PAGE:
Prior to the agency promulgating the Hearing Conservation Amendment (HCA) the agency attempted to distinguish between continuous noise (i.e., noise lasting greater than one second) and intermittent or impact noise) peak noise less than one second). Instructions were included in the Industrial Hygiene Field Operations Manual for estimating the contribution that impact noise would add to dosimeter reading. However, the HCA specifically addressed this type of noise exposure and stated that impulse noise should be combined with continuous noise for the purposes of calculating employee noise exposure. This decision was based on evidence that impulse noise is certainly as hazardous and may be more hazardous than continuous noise.

After the HCA was published, the Industrial Hygiene Technical Manual was revised and all references to separating out continuous versus impulse noise were deleted. The references in CMA's petition describing the distorting effects of short duration impulses are merely informational bulletins developed by the Cincinnati Laboratory and placed in the back of the manual. The present agency policy for determining personal noise exposure is to use the dosimeter incorporating an A-scale slow response mechanism for all types of noise.

Health Effects

Although the HCA was vacated by the Courts, it contains a useful and extensive review of past occupational noise surveys and attempts to correlate dose and response. In the case of impulse noise, impulse noise has generally been superimposed on moderate-to-high levels of continuous noise and exposures resulted in detrimental effects. Since instrumentation, until very recently, has not been available that would minimize the contribution that impulse noise adds to continuous noise exposure, very few health studies exist that could clearly separate out the precise biological effects of just impulse noise. A few studies indicate impulses superimposed on background noise resulted in exacerbated hearing loss.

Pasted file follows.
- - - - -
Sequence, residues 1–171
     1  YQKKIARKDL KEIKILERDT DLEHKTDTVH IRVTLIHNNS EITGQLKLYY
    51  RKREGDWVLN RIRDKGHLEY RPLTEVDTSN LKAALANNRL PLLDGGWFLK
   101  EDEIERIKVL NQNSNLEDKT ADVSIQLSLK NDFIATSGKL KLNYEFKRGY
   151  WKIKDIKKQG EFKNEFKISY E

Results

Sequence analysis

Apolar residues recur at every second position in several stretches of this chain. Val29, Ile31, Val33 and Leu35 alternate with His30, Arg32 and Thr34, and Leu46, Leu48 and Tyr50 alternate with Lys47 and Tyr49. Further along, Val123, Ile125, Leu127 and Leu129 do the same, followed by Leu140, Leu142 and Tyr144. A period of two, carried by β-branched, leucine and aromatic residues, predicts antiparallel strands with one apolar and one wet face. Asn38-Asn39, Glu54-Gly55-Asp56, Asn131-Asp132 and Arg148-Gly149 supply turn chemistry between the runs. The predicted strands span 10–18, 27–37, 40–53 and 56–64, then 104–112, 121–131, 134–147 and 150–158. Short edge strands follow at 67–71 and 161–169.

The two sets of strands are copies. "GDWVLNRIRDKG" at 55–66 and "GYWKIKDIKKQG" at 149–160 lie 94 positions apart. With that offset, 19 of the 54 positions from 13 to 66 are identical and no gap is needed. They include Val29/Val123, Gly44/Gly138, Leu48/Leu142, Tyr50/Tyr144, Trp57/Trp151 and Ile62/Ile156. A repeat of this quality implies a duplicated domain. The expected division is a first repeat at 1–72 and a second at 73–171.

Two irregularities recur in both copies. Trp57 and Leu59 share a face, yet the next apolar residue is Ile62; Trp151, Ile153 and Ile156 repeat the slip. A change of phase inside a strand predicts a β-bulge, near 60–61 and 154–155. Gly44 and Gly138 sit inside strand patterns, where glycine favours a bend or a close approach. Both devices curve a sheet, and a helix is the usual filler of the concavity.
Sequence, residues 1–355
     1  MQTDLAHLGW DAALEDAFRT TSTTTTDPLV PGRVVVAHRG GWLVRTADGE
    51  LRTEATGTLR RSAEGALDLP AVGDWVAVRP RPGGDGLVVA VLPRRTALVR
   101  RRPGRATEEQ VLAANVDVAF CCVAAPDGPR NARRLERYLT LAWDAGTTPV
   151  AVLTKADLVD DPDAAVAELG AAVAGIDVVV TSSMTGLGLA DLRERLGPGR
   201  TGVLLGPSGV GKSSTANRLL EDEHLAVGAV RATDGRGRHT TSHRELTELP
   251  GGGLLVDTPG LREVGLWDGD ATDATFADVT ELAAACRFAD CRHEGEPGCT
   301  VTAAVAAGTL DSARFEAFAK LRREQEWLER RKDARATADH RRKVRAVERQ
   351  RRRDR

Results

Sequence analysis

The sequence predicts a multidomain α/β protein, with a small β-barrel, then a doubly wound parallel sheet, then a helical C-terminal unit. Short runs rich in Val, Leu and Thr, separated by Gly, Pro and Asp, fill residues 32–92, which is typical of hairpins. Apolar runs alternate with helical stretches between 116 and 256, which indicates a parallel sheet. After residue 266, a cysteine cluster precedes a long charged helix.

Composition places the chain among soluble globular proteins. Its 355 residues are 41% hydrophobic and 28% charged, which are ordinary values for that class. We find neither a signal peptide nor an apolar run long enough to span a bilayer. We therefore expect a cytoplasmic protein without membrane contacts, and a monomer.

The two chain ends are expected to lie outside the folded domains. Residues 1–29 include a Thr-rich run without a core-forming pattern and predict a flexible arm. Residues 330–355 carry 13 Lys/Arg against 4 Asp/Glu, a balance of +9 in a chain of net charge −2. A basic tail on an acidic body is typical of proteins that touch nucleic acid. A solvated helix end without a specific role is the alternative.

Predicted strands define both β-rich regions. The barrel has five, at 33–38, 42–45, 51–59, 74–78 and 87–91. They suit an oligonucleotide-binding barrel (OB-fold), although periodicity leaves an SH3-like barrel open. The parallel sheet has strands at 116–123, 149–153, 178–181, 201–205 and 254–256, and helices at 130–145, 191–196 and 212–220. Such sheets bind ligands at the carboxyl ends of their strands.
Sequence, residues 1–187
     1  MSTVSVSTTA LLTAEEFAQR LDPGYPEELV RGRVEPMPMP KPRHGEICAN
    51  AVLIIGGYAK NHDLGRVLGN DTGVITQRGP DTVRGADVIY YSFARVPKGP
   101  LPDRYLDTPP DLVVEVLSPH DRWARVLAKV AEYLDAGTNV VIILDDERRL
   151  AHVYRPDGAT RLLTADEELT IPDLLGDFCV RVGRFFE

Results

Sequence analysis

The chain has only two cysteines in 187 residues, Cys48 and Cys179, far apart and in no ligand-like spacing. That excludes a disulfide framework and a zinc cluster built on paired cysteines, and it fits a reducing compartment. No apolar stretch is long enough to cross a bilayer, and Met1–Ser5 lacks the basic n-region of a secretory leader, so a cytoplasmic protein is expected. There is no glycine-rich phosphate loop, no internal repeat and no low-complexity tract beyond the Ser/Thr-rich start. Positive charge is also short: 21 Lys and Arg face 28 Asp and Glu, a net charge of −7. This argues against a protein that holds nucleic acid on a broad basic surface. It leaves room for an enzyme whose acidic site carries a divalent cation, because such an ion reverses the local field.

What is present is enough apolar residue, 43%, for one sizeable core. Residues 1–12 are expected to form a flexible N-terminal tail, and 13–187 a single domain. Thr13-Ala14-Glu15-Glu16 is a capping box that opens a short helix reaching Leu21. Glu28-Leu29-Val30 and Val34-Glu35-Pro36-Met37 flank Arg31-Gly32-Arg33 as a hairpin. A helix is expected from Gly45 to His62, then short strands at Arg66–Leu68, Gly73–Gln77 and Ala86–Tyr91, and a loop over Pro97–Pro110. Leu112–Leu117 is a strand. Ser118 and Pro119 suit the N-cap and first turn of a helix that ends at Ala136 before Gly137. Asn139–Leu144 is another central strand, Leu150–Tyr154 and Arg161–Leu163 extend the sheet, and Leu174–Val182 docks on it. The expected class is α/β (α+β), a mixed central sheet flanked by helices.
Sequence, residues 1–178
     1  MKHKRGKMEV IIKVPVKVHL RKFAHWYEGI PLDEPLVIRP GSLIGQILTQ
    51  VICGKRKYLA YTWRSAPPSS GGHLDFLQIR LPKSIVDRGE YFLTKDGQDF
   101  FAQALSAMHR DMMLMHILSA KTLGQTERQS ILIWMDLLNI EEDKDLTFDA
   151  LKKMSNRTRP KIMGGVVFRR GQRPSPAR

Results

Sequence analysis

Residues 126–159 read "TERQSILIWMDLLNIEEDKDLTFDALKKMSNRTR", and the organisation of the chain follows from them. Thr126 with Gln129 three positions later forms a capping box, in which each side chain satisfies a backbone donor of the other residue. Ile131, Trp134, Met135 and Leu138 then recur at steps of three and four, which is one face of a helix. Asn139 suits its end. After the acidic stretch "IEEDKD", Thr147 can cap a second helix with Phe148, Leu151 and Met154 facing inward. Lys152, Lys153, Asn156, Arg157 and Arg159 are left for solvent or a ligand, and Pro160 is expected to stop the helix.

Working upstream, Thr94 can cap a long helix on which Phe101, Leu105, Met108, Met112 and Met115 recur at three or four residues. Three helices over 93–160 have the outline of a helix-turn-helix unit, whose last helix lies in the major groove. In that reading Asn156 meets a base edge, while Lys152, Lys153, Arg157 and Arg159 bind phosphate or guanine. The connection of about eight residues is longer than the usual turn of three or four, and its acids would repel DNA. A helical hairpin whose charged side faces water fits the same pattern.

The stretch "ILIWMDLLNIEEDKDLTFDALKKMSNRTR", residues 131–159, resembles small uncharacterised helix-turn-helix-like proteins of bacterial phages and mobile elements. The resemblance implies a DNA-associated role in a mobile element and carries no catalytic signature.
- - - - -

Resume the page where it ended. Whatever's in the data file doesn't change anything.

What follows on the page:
National Bureau of Standards (NBS) Study

OSHA contracted with NBS in 1984 for $150,000 to conduct a study that would more clearly indicate the contribution impulse noise may add to continuous noise using the A-scale, slow response. The final results of this study will be made available around May 1, 1985. The work that NBS will produce will certainly add to the agency's understanding of how impulse noise interacts with the measuring of all noise with slow response.

Other Issues

Discussions with members of the ACGIH and ANSI Committee representatives concerning this new measurement technique produced little more information. Individuals stated that both ACGIH and ANSI presently recommend to sample noise using OSHA's present technique. The representatives felt uncomfortable in changing this technique unless sufficient health data were available so that they could clearly separate out and understand just how the short duration impulse noise contributes to hearing loss. They felt that while the technology is now available, the biological understanding of whether impulse noise should be given less weight (incorporating fast response) or more weight (adding multiplier circuits) is not available. They stated that until this relationship develops, they must use the present technique because this is the basis of their current recommended exposure levels.

From an agency cost standpoint, Dave Loebach of the Cincinnati Laboratory estimates that some (less than 50 percent) of the dosimeters could be converted. However, conversion costs would be as high as $100-200 per unit including software replacement. However, approximately 1,700 of the DuPont D-376 and 2,700 of the GenRad 1954 dosimeters are probably not convertible. Total conversion and replacement costs would be substantial (greater than $500,000).